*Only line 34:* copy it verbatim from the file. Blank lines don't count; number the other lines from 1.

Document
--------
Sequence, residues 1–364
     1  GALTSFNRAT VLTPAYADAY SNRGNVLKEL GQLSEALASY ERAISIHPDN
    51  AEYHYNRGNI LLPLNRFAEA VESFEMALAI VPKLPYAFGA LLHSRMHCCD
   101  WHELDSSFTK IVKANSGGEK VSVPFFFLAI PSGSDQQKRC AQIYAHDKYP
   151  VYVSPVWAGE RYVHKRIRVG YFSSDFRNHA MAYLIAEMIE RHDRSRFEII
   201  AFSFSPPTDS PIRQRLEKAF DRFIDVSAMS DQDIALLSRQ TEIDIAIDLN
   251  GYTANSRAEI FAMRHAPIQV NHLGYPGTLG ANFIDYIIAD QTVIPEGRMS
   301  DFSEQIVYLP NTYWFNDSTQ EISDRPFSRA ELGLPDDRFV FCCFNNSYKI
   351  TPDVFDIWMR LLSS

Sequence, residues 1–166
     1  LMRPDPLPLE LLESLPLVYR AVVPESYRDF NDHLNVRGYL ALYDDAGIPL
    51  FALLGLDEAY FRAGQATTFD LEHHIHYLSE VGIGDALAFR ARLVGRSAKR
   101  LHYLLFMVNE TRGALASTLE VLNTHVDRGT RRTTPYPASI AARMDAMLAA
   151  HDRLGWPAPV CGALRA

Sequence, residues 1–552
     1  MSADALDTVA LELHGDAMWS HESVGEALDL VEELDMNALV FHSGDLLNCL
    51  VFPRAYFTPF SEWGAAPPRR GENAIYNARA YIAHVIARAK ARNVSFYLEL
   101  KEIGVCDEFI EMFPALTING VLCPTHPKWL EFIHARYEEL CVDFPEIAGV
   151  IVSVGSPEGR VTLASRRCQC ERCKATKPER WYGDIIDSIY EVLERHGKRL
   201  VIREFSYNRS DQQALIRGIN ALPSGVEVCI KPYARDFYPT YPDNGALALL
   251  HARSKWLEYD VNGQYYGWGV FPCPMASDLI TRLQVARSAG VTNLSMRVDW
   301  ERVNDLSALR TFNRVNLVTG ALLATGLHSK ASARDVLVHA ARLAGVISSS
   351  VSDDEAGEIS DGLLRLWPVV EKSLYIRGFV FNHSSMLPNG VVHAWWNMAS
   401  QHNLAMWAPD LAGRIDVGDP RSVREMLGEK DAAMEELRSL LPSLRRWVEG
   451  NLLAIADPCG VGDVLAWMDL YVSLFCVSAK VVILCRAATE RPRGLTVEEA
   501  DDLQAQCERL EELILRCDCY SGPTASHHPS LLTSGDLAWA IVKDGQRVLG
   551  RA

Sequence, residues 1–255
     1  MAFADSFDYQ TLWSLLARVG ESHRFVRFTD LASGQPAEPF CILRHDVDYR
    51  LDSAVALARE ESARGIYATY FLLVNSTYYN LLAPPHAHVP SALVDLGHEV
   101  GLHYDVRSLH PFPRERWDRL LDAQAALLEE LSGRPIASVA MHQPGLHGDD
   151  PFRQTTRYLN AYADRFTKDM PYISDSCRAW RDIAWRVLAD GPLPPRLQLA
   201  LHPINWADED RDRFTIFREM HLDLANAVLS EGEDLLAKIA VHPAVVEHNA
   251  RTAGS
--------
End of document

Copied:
   251  RTAGS